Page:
Woodford, Spotsylvania Co.: Historic Beazley’s Store auctioned:  The old general store at the corner of U.S. 1 and Arcadia Road sold for $122,000 at auction. The building has become a curiosity of a bygone era. The store closed in 2003 after its proprietor, Arthur Lee Beazley Jr. died at 62. The store had been in the Beazley family since 1929.  Free Lance-Star

Roslyn: Previously undocumented Charlie Chaplin film to be shown: The movie will be shown before an audience for the first time since its original release in 1914, at the Slapsticon Festival.  The film, “A Thief Catcher,” is a 10-minute comedy discovered last autumn.”I stopped, got up, rewound the projector, watched it again, watched it again, watched it again and it finally sank in that I had found a completely previously undocumented, unknown Charlie Chaplin film appearance,” said Paul Gierucki.  Chaplin makes a three-minute cameo as a policeman in the film. SkyNews HD

Tidewater & Eastern Shore

William & MaryWMCAR discovers two small, unmarked graves on campus:  Dating to sometime prior to the mid-19th century, the graves contain tiny bone fragments that have been incorporated into the soil matrix. They were discovered July 13 by the William & Mary Center for Archaeological Research (WMCAR).  W & M News

Virginia Beach: Will preserve Lynnhaven River open space: The city, in partnership with several conservation groups, plans to buy 122 acres of environmentally sensitive land off Shore Drive that had been marked for a housing development.  The purchase would guarantee that the last major tract of undeveloped land along the Lynnhaven River, which boasts oyster beds, wetlands and a maritime forest, is preserved.  Virginian-Pilot

Portsmouth: Historic church in disrepair and apparently abandoned: The 110-year-old church remains vacant and work has stopped. The church’s building permits expired months ago. Code violations have racked up. And construction crews and the former owner of the building have filed liens and lawsuits, claiming they haven’t been paid.  Virginian-Pilot

Assateague Lighthouse: Undergoing renovations:  After ownership of the 100-plus-years building passed from the U.S. Coast Guard to the Fish and Wildlife Service in 2004, a $1.5 million, multi-phase restoration project began. The lower gallery deck has already been replaced, allowing visitors to walk on the deck — approximately 130 feet in the air — for the first time. Fund raising is underway for remaining phases of renovation.  DelmarvaNow

Roanoke & Southwest

Danville, Pittsylvania Co.: Proposal to balance historic preservation concerns at mega industrial park site:  About 70 dilapidated buildings, including old log barns, houses and outbuildings and at least one old slave cemetery can be found in the site Danville and Pittsylvania County officials hope to transform into a major industrial center.  Preservation Virginia and the Danville and Pittsylvania historical societies propose six items to include in the covenants for the park to protect the site’s natural beauty and historic resources.   GoDanRiver.com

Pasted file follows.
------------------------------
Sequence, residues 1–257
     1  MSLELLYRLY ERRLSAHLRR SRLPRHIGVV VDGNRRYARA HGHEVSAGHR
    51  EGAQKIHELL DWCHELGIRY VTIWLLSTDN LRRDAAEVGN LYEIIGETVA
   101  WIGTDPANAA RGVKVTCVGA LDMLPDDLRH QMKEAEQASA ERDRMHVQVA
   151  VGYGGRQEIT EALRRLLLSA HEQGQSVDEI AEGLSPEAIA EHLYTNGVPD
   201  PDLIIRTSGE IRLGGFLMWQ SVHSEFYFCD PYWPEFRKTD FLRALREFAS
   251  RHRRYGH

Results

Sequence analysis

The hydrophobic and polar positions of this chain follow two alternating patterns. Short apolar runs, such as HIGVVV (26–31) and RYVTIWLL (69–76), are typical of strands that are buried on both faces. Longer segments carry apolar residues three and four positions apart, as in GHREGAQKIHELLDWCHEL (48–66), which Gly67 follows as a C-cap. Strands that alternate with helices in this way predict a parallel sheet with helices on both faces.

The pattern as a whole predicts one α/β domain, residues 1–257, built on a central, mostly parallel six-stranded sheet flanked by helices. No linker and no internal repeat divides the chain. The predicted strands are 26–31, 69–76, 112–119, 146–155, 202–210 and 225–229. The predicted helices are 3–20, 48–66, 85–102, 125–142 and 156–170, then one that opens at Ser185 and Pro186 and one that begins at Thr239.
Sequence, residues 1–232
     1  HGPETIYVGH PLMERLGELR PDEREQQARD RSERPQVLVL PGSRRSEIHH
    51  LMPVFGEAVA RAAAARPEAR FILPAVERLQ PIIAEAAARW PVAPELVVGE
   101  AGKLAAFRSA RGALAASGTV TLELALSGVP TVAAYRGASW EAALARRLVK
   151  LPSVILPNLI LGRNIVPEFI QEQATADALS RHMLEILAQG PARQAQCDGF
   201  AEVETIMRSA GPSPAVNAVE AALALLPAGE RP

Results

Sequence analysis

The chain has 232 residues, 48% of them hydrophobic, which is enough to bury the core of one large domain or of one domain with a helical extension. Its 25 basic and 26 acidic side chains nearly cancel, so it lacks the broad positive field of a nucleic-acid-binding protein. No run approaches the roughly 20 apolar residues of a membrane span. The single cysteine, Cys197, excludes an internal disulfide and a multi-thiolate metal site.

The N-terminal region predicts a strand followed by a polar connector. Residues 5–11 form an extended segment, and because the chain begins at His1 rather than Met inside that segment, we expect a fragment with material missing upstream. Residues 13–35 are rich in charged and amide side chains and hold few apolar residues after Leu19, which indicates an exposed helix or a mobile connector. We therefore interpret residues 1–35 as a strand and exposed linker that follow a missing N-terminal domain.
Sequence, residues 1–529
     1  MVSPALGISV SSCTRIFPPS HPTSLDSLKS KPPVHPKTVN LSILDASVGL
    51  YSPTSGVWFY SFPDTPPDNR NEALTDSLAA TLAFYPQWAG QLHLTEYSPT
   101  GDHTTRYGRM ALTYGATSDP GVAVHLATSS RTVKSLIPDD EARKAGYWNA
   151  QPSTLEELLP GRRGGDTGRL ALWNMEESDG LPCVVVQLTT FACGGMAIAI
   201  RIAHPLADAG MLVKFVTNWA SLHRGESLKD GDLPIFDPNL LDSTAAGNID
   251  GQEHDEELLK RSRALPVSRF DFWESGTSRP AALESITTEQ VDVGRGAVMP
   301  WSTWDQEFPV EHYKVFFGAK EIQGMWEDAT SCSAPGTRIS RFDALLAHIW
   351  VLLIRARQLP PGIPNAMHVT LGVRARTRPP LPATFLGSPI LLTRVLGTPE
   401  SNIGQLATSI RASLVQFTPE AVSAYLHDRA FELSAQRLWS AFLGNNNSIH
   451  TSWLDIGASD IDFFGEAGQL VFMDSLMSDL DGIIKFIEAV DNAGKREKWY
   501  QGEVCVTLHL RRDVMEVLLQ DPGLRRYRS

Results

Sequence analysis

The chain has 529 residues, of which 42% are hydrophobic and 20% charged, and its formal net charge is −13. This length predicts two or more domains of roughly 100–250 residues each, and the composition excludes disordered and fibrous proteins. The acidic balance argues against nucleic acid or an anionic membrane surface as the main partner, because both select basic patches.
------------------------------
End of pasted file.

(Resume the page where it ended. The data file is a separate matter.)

Danville: One-time hospital in critical condition:  Built by the Ladies’ Benevolent Association in 1903, the 23,000-square-foot structure was a hospital for about 20 years, according to local historian Gary Grant. It served as an apartment building from the 1920s until a fire in 1996. This month, the city will tear down the now-dilapidated Georgian Revival building.  Preservation Magazine Online

Lexington, Rockbridge Co.: Fire destroys Southern Inn Restaurant: The Lexington landmark went up in flames around 1:30 a.m. Buildings next door were damaged by smoke and water.  The buildings go back to the 1820s.  WDBJ

Beyond Virginia:

World Trade Center Site, NYC: 18th-century ship uncovered:  A 30-foot length of a wood-hulled vessel has been discovered about 20 to 30 feet below street level. The area under excavation had not been dug out for the original trade center. The vessel, presumably dating from the mid- to late 1700s, was evidently undisturbed more than 200 years.  A 1797 map shows that the excavation site is close to where Lindsey’s Wharf and Lake’s Wharf once projected into the Hudson.  NY Times AP YouTube Video

Vernon Baker: Last living black veteran awarded Medal of Honor for valor in World War II:  Baker received his award 52 years after he wiped out four German machine-gun nests on a hilltop in northern Italy. He died at his home near St. Maries, Idaho. He was 90. On April 5, 1945, Lt. Baker was leading 25 black infantrymen through a maze of German bunkers and machine gun nests near Viareggio, Italy, a coastal town north of Pisa. About 5 a.m., they reached the south side of a ravine, 250 yards from Castle Aghinolfi, a German stronghold they hoped to capture. . .  NY Times